The work of translation gathered momentum under the bourgeois republic. A Midsummer Night's Dream appeared in 1924, King Lear in 1926, and The Merchant of Venice in 1927, while a reprint of Hamlet followed in 1930. From 1929 onwards intensive translation was carried out by Ants Oras, who translated Macbeth and The Tempest in 1929, Romeo and Juliet in 1935 and the Sonnets, A Midsummer Night's Dream and Othello in 1937.

But the main achievements have been recorded in Soviet times. Shortly after the war the Roman tragedies were published in Oras's translation, followed by reprints of Hamlet and King Lear. In preparation for the jubilee anniversary of 1964 the Estonian State Publishers have undertaken the publication of Shakespeare's collected works (translations and commentaries by G. Meri).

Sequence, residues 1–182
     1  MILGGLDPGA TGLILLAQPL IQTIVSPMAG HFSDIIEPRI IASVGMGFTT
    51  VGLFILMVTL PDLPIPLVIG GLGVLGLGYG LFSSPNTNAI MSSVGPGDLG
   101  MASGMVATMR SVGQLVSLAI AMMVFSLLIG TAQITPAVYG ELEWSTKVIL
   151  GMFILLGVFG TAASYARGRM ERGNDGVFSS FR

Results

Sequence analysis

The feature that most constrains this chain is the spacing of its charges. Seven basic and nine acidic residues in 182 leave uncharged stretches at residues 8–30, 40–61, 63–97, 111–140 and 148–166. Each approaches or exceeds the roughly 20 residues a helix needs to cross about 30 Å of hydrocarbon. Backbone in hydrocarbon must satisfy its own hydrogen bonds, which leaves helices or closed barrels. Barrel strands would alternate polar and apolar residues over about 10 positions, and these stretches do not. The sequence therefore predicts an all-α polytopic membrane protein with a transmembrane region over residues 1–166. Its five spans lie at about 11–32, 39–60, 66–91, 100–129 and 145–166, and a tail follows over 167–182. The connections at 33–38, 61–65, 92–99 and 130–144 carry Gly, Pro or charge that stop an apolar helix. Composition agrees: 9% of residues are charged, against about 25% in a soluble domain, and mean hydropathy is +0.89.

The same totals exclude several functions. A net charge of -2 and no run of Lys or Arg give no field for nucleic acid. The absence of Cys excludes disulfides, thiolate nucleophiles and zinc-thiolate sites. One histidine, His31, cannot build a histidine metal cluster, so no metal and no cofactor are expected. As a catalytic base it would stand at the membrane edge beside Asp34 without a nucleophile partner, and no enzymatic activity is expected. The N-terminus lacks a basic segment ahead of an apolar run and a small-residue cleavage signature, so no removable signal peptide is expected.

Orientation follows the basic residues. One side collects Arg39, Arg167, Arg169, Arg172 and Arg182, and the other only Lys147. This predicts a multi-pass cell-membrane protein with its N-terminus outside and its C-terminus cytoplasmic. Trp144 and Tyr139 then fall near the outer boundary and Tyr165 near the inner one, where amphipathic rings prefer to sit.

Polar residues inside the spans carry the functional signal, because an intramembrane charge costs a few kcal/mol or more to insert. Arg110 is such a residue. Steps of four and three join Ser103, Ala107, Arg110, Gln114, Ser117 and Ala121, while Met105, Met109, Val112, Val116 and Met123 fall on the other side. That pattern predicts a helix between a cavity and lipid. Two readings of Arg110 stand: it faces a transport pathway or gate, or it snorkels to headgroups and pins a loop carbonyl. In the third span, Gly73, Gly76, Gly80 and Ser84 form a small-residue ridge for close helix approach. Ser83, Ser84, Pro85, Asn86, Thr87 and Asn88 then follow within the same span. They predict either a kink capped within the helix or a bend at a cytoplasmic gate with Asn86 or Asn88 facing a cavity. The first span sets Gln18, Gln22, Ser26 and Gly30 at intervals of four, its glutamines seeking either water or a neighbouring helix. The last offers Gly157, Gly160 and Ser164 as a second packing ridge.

Fifteen Shakespeare's plays in fifty one productions were staged in Estonia. The earliest of them (The Merchant of Venice and The Taming of the Shrew) appeared at the end of 80's in the last century. Othello, King Lear and Hamlet were great successes of 1910—1913 in «Estonia» theatre. T. Altermann as Hamlet and Othello claimed to be the best of the whole cast. These productions were succeeded by those of 1920—1940 within the period of chauvinistic-bourgeois dictatorship. In spite of the reactionary politics of the government in arts the progressive actors and producers manage to discover in Shakespeare vast resources for the increase of national realistic art. It is possible to say so about A. Lauter as Hamlet, H. Paris as Shylock, E. Villmer as Ophelia, Desdemona and Rosalind, A. Särev and E. Tinn as Othello, L. Reiman as Lady Macbeth, H. Gleser as Puck and others. Shakespeare's plays in the pre-Soviet period opened before the Estonian actors the great scope of varieties for the improvement of realism. The contemporary stage craft in Shakespearean productions was brought even to a higher level. Knowledge and experience in combination with the ability to stress the subtliest tints of Shakespeare thought and art inspired Estonian theatre folk for the recent innovations and achievements. Among the best productions of the recent years we should consider Antony and Cleopatra (Tallin Kingissep Theatre 1955, direction of I. Tammur) and The Merchant of Venice («Vaneymuyne», direction of K. Ird).